Being a really great NextGen Pastor means that you’re pretty good at a lot of things. This speaks to the need for NextGen Pastors to be generalists rather than specialists. You might have been an amazing Student Pastor back in the day, but now it’s important to be pretty good at things other than student ministry. There might even be areas you oversee that feels pretty foreign and scary. Yeah, it’s time to get over that because it’s only a matter of time before you’re leading it.
Last Fall, Nick Blevin’s and I had a conversation on his Family Ministry Podcast. The subject was your first year as a NextGen Pastor. In that podcast, I unpacked five things you really have to pay attention two when starting (or starting over) in this strategic role. I decided to take it a step further by writing about these five things here on iamnextgen.com. I kicked it off with culture, staff, and then knowing the role. In this post, we’re going to explore what is inevitably going to happen in your first year, diving into another role for a season.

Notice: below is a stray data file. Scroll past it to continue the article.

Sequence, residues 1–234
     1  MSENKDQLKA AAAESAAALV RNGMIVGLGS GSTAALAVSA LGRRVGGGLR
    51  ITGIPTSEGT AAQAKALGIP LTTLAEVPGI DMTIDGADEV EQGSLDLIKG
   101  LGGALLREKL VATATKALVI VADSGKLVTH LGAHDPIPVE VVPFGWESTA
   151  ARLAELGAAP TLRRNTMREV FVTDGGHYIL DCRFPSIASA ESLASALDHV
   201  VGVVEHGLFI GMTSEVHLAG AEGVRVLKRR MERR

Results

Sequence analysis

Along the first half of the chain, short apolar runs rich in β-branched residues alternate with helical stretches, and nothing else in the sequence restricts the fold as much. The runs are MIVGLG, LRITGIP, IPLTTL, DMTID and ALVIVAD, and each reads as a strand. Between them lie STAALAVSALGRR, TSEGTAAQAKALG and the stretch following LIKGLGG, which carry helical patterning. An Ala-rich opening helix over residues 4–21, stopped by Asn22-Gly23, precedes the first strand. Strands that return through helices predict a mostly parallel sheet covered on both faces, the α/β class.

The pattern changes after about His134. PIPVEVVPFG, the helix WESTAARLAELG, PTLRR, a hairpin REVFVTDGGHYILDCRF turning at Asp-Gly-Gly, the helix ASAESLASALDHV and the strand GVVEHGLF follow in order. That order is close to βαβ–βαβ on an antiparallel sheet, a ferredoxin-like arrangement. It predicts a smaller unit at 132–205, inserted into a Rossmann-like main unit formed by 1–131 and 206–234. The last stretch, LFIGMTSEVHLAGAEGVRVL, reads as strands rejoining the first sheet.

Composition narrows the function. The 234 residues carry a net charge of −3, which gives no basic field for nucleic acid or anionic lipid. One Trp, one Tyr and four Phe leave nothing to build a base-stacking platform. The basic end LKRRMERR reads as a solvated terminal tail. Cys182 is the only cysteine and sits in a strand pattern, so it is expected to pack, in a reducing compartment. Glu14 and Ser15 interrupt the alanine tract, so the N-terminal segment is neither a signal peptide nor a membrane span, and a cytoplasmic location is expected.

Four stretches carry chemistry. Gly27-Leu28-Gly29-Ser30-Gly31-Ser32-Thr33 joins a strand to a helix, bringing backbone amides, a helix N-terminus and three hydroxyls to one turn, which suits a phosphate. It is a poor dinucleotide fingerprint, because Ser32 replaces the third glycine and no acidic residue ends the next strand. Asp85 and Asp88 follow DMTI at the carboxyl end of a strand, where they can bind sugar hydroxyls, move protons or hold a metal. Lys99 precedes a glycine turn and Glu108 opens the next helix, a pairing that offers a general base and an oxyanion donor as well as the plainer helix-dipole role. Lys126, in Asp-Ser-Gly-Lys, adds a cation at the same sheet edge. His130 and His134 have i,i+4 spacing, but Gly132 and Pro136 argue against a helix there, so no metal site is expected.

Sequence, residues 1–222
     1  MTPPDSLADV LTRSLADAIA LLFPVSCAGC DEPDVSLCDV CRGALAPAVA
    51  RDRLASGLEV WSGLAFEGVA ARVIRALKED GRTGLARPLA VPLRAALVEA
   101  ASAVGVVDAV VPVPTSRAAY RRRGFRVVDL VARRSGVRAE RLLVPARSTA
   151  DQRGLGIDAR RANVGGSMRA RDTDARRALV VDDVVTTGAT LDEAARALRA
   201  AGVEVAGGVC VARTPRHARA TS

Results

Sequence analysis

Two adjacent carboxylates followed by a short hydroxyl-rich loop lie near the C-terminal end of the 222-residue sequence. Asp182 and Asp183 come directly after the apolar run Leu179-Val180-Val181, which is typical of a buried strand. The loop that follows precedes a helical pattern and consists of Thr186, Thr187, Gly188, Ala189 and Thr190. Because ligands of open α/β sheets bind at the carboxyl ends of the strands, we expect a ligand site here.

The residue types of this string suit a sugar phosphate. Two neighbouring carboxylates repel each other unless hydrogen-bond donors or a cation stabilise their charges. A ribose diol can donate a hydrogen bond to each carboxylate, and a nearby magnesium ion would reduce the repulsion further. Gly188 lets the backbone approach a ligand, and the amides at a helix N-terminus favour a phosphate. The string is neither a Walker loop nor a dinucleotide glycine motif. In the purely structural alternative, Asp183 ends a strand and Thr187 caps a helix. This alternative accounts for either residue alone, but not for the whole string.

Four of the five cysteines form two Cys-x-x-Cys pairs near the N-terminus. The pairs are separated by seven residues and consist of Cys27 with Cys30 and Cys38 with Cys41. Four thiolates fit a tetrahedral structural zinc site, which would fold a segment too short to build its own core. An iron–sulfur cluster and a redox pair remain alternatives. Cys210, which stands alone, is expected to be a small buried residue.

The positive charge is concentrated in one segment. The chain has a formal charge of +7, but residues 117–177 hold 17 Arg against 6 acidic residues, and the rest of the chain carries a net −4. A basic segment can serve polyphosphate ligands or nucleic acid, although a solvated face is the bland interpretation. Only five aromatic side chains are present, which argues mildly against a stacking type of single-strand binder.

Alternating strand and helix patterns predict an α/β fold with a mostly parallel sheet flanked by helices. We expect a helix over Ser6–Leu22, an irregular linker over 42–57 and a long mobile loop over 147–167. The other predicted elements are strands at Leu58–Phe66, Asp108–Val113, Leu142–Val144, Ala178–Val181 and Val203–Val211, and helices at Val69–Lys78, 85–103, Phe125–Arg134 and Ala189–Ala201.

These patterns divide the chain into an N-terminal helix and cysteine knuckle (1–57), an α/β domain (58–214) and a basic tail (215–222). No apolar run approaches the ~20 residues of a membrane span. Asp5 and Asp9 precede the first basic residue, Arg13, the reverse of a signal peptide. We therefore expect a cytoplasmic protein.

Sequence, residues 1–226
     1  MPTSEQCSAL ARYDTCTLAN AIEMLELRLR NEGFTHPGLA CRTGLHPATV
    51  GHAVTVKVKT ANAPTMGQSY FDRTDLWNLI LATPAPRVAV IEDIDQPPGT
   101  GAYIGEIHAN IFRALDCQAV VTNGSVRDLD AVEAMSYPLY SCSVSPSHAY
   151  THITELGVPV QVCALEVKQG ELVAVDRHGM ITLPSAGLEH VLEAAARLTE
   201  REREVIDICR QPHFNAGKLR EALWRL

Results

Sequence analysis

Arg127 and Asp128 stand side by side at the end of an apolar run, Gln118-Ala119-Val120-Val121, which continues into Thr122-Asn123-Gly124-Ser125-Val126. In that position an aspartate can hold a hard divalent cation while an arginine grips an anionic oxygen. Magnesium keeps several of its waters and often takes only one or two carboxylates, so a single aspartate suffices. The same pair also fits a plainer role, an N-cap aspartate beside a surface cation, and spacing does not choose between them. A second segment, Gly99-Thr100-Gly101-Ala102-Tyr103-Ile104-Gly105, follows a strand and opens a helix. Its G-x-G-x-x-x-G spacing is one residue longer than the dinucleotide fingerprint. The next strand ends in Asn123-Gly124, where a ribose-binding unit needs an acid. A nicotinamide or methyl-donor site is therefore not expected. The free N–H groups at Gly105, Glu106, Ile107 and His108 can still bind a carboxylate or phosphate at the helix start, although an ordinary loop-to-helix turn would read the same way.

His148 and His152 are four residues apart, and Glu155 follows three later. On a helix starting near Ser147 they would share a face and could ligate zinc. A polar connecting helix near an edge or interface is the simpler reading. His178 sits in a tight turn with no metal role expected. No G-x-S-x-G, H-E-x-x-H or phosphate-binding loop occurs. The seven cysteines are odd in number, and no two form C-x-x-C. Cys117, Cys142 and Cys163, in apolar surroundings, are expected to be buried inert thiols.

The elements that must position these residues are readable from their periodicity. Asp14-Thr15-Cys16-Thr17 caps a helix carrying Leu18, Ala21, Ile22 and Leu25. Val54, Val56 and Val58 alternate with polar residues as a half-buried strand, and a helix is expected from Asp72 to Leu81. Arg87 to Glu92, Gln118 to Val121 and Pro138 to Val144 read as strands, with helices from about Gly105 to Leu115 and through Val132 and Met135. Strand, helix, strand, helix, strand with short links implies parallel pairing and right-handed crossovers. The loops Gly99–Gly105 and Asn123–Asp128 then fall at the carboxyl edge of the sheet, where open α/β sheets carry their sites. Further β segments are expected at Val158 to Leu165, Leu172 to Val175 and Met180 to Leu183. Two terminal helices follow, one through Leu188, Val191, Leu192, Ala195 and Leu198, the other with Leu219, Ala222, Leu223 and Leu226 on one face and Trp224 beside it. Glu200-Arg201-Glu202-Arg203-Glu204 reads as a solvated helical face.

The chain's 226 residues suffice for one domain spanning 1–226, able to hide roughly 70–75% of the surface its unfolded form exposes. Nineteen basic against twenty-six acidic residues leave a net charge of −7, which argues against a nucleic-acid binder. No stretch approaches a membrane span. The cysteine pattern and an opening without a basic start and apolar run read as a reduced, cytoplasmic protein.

DIVE INTO ANOTHER ROLE.
I was a Children’s Pastor for 12 years before I became a NextGen Pastor. I like to think that I’m pretty good at Children’s Ministry, specifically preteen elementary. It’s my sweet spot. In both of my NextGen Pastor roles, it was in elementary that I gravitated toward first. It was a natural area to fix. Interestingly, the elementary pastors were the first staff to leave after my arrival at both churches. It was pretty easy for me to step in and make adjustments before hiring new staff. However, since being a NextGen Pastor, there isn’t a role that I haven’t had to temporarily lead.
Elementary Large Group Director
Preschool Lage Group Director